Some Thoughts About Sewing Leggings

 

I’ve been wearing leggings more these past two winters.  I love how warm they are under my skirts.  The fit though, often leaves something to be desired, so I decided to try making my own.  Good decision!  These are totally the comfiest pair I own.  I’m more than a little behind on sharing them, but the plus side of that is I can already report that I took them with me on our spring and summer travels last year, and they served me really well as a base layer under dressier clothes when the weather at shows was chilly, for hiking, and as PJs when camping in cooler weather.

 

green wooly leggings 4

 

I used the Espresso pattern from Cake.  I love that it’s designed so that you transfer your measurements in both length and width right to the pattern to make your own custom size.  Overall the amount of ease the pattern added worked great for me.  These fit just how I’d like them to: not too tight or constricting, not to loose or wrinkly, but like a second soft wooly skin.  The only problem I had with the way this pattern is drawn out is that it doesn’t allow for curves between the booty and waist.  One look at my body would tell you that a straight vertical line in this area isn’t going to cut it.  After a couple of iterations I ended up taking a huge curving dart out of the center back seam, from the waist down to nothing at the widest point.  But since the fabric is stretchy and I basted the seams together first, it wasn’t hard to do.  (I highly recommend basting the seams if you’re making your first pair.  Long straight stitches are just amazingly easier to pull out than zigzag.  Once I had the fit I wanted, I trimmed the seam allowances to match the new seams, pulled out the basting, and sewed the seams with a narrow zigzag.)

 

green wooly leggings 2

 

Once that was settled, I tried them on and marked with pins where I wanted the waistband to sit.  I just don’t like constriction, especially elastic, around my natural waist, and I tend to cut the waistbands of trousers and skirts so that they sit just below my belly button.  I knew that I wanted the leggings to sit a little below that, so they’d layer well with the rest of my wardrobe.

 

green wooly leggings 3

I would NEVER wear only these in public, or show you my booty in leggings on the internet.  And I just need to get this off my chest, because I keep wanting to say it to young women I see on the street: leggings aren’t pants!  But somehow, I’m OK with you seeing the fit on the dressform, even though the whole point of this dressform is that it’s as close to my actual shape as possible … go figure. 

 

I decided to add a wider waistband, which I hoped would make the top more stable and also give it a little more recovery.  I cut two pieces about an inch less wide than the leggings are at the top, and 3″ deep.  I sewed those pieces together, and then to the inside waist of the leggings, also including clear elastic in the top seam.  Then I flipped the waistband to the outside and zigzagged it in place just over the raw edge, and again at the top just under the seam allowance.  I didn’t want the bulk of another turned-under edge at the bottom, and it’s worked out pretty well, the fabric has fluffed up only slightly around the cut and sewn edge.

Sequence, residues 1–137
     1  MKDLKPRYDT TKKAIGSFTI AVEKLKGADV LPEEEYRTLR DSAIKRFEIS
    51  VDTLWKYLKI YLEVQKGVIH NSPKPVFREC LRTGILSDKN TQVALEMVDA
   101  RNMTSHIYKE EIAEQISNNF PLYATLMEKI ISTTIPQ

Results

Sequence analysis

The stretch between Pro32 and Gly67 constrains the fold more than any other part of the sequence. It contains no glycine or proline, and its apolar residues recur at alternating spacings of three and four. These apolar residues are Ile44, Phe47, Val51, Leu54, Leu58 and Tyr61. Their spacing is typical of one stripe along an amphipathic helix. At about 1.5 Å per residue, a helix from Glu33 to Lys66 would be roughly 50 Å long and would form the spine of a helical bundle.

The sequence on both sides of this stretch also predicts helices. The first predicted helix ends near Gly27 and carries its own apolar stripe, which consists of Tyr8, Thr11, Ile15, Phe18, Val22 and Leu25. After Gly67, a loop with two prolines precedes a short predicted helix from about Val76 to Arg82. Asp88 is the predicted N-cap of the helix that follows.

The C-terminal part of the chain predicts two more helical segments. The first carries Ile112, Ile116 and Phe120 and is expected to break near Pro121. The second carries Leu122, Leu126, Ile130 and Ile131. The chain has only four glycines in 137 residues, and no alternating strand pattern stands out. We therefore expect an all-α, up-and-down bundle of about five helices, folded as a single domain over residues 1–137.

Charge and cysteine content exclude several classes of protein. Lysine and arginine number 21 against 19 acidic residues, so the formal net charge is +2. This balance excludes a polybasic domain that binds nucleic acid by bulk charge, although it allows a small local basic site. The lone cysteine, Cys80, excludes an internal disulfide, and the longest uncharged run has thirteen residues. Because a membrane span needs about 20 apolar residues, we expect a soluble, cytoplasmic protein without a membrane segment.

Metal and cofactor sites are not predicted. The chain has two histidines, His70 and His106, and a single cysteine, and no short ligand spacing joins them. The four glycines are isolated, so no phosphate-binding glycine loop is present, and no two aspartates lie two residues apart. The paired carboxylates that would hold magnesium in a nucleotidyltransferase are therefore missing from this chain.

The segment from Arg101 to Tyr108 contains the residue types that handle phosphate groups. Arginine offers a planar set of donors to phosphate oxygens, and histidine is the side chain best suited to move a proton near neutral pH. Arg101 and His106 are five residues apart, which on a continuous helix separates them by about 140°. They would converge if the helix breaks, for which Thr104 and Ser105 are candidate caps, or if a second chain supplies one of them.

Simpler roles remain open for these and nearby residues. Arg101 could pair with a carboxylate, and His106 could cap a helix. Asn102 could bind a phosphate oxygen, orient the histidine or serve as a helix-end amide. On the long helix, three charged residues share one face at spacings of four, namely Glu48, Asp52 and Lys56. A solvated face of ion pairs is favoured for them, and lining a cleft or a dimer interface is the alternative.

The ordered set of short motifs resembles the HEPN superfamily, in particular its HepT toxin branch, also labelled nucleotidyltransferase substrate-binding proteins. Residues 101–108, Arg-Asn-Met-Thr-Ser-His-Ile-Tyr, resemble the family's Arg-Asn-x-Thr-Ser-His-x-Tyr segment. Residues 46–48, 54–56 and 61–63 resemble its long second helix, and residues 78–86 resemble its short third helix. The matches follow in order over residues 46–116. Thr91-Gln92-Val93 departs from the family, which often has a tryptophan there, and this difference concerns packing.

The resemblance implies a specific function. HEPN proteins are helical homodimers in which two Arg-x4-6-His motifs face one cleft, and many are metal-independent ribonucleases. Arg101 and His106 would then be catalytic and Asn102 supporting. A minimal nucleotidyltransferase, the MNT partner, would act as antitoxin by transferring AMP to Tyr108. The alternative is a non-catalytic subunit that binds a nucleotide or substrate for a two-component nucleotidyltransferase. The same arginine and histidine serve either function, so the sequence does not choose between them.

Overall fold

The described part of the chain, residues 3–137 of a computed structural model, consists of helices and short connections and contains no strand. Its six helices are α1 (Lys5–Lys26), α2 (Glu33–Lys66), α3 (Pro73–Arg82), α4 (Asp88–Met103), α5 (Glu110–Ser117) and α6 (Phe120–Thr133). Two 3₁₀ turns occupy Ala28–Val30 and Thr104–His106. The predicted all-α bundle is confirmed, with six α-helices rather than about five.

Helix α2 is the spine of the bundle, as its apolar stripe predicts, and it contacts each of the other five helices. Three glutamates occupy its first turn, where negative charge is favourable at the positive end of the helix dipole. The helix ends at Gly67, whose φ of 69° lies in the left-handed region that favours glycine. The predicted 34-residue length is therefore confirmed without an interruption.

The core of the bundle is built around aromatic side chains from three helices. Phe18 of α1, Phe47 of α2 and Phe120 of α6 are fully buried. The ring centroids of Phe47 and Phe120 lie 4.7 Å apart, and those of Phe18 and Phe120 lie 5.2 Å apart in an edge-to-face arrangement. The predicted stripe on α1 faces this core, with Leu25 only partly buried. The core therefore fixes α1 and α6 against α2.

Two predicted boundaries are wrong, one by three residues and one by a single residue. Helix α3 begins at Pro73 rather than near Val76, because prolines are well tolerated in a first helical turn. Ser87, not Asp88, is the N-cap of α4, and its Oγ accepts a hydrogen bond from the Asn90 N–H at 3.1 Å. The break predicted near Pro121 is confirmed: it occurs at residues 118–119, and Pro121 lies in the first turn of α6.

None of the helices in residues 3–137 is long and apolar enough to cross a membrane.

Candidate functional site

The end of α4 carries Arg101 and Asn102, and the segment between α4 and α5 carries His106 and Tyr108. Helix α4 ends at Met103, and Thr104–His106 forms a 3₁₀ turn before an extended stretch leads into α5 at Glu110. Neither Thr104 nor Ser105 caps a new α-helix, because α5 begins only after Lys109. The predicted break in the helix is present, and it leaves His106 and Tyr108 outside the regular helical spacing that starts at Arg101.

But, they didn’t stay up.  To be clear, I don’t blame the pattern at all for this, since I was off on a choose-your-own-waistband adventure by this point in the process, all learning around the waistband issues is my own responsibility.  And I did fix it; after considering taking things apart and/or adding more elastic, I decided to try a thin ribbon drawstring, a trick that’s worked for me in the past on a strapless elastic top.  Since I already had a small channel at the top of the waistband from the topstitching, I cut a tiny hole there at each side of center front on the inside, and reinforced it with a little hand stitching around.

 

green wooly leggings 5

 

Then I used a little safety pin to thread the ribbon around.  When I’m wearing these, I tighten the ribbon to the fit I want, and tie it in a firm bow.  Sometimes by the end of the day, I get ever-so-slightly irritated by the one fairly tight, unmoving place around my hip.  But would I gladly trade that for leggings that stay up all day, exactly where I want them, with no dropping crotch?  Yes, yes I would, quite happily.  And when I make another pair, I may experiment with some stronger elastic at the top.

This fabric is mostly wool, with a little stretchy stuff, from The Fabric Store LA.  They have the best selection of fine wool knits I’ve found (also where I got the lovely stuff for these tops).  It’s a bit vague on the site whether or not their swatching service is up and running, but it totally is, just call them and tell them what you’re looking for.  Last time I got a generous selection of organic wools and leggings-appropriate fabrics.  I went with the pattern recommendation of minimum 5% lycra/spandex added, and chose this green with black, double layer knit.  This is about as thick a fabric as I would use, as you can’t avoid a few wrinkles around the knees, etc., but they’re wonderful to wear!  I love the slightly plush inside of this fabric, it makes the leggings even cozier and comfier.

 

green wooly leggings 6

Putting a little tab of ribbon at the back is another idea of Steph’s I like!

 

I’m definitely a sew-your-own-leggings convert.  A fit this good is hard to argue with.  After years of knowing that the only way to get pants/trousers to fit my legs & booty was to make my own, I’m kind of surprised that it wasn’t more obvious what a difference custom-fit leggings would make … but there you have it.  Plus they only take a yard of fabric (on me), have only one main pattern piece, and once you have the fit down they would make up lightning fast.  What’s not to love?

Update: for what I figured out about elastic at the waist in next versions, and making these from repurposed sweaters, click here.